Shopping centre owners have warned of an uncertain outlook after the coronavirus pandemic hit rent payments.

Intu said it received only 29% of rent payments due on Wednesday - the payment deadline for the second quarter - and said it was still in discussions with customers over outstanding rents.

The Braehead Shopping Centre owner warned that reduced activity by shoppers has impacted footfall and potential future rents.

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It said the prospect of rent reductions means it may need to waive its covenants on loans and the firm said it is currently in talks with lenders.

Intu said it is also in an "ongoing dialogue" with the Government in hope to secure funds from its £330 billion business support package.

It comes after the Government announced on Monday that businesses would be able to avoid their quarterly rent payment for the next three months without forfeiting their leases.

The retail property group said it has "significantly reduced capital expenditure" for the foreseeable future and is cutting back on head office costs in a bid to preserve cash.

It said it expects deferrals from this quarter's rent payments to total around £40 million.

Meanwhile, Meadowhall owner British Land said it would waive £3 million worth of rent payments from its smallest tenants for the period and is prepared to defer rent payments for other operators.

It said it expects deferrals from this quarter's rent payments to total around £40 million.

Airports in the Highlands and Islands are to close to scheduled flights from Sunday to ensure that lifeline and emergency services can be maintained during the coronavirus pandemic.

Highlands and Islands Airports Ltd (Hial) said its airports will also be closed to general aviation traffic to ensure that vital services, such as the delivery of medical and other critical supplies, the transport of key workers and emergency flights, can continue.

READ MORE: Fast action keeps vital Covid-19 supplies flowing to the front line

Hial is working with Transport Scotland and Loganair to agree a skeleton schedule to ensure its airports continue to provide lifeline and essential services, including NHS passenger transfer, Royal Mail and the oil and gas industry.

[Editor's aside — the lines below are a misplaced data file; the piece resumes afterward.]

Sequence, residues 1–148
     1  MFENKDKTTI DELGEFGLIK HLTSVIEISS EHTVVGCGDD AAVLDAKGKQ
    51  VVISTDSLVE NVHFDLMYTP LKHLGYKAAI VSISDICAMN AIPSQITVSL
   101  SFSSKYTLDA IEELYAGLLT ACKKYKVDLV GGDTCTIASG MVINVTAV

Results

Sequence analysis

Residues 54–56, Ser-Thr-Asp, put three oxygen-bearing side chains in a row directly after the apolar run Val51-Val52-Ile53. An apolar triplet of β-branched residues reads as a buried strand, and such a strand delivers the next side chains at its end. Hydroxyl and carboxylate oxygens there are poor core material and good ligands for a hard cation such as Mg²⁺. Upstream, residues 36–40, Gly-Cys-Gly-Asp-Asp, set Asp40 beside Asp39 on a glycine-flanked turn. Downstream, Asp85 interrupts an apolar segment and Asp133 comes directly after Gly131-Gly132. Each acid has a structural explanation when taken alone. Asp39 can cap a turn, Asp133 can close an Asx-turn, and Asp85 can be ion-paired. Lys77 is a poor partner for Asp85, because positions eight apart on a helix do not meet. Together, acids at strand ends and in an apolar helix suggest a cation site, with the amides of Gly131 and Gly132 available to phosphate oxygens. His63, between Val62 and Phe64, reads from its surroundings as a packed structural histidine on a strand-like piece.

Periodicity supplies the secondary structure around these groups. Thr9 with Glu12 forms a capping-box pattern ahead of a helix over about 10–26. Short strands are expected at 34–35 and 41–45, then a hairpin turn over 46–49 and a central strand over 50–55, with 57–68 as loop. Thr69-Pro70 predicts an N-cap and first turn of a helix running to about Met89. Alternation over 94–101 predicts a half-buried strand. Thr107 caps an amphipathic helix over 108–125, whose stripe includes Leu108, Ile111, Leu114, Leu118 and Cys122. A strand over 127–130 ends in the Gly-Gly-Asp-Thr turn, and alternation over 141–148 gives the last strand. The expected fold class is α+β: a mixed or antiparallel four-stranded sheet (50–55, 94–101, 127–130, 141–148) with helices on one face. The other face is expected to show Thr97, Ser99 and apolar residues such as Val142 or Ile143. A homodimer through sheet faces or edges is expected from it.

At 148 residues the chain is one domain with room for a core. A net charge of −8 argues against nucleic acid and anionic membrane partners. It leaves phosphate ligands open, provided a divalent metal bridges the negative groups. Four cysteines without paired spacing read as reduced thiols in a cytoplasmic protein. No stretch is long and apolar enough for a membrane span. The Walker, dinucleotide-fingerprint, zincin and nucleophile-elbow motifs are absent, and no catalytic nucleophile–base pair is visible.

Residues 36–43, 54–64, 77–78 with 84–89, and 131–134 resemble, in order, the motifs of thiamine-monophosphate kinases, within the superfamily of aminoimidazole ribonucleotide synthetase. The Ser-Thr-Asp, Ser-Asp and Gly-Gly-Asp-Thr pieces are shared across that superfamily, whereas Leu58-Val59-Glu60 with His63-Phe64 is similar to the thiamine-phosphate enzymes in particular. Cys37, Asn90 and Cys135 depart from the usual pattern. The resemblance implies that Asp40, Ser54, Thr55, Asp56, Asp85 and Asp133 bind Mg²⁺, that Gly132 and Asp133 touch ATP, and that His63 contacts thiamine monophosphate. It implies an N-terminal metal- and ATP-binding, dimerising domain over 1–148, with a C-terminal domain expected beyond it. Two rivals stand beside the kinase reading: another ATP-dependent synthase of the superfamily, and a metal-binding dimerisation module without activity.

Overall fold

The company said it is also important that Hial does all it can to limit the spread of infection and protect the health and well-being of its staff.

Hial managing director Inglis Lyon said: "Our airports are unique in that their core role is to provide lifeline services for our communities in the Highlands and Islands. They are essential to the continued delivery of medical and other critical supplies, the transport of key workers, and also to enable emergency flights for island communities.

"Now more than ever there is a need to safeguard those vital services.

"I appreciate this crisis is unknown territory for all of us and at this time we do not know how long these essential measures will remain in place.

"We could not maintain these services for our communities without the extraordinary team spirit and commitment displayed by our staff right across the Hial group and I am indebted to them for their continued flexibility and dedication during a very difficult time for us all."

Hial has 11 airports around the country - at Campbeltown, Islay, Tiree, Benbecula, Barra, Stornoway, Kirkwall, Sumburgh, Wick, Inverness and Dundee.

Transport Secretary Michael Matheson said: "Our aviation sector is facing an unprecedented challenge in the face of the coronavirus outbreak, so the Scottish Government is working with industry partners to ensure our lifeline air links continue to operate for the remote communities that depend on them.

"These air routes are crucial for the transport of supplies and key workers, as well as providing a vital link when emergency transport to the mainland is required.

"I also wish to thank all the Hial staff for their efforts during this difficult time."

The Daily Mail and General Trust and Reach, publisher of the Daily Record and Daily Mirror, have said they expect a coronavirus hit.

Paul Zwillenberg, DMGT chief executive, said: "We are determined to continue to deliver our compelling journalism, information, analysis, insight and events to our loyal customers. 

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“From a financial perspective, trading for the first five months of the financial year was in line with our expectations, but the impact of Covid-19 is likely to affect our business adversely.

"I am confident, however, that the group's diversified portfolio and strong financial position, with more than £700 million of cash and bank facilities available, will enable us to withstand a sustained period of global economic uncertainty and continue to invest through the cycle."

Reach said in its statement to the London Stock Exchange: “Whilst the first 12 weeks of the new financial year have traded overall in line with our expectations, the situation remains significantly uncertain and it is too early to assess the expected impact that the Covid-19 pandemic will have on FY 2020 and beyond.

“Currently, the principal trading areas expected to be impacted are advertising, print circulation and events.”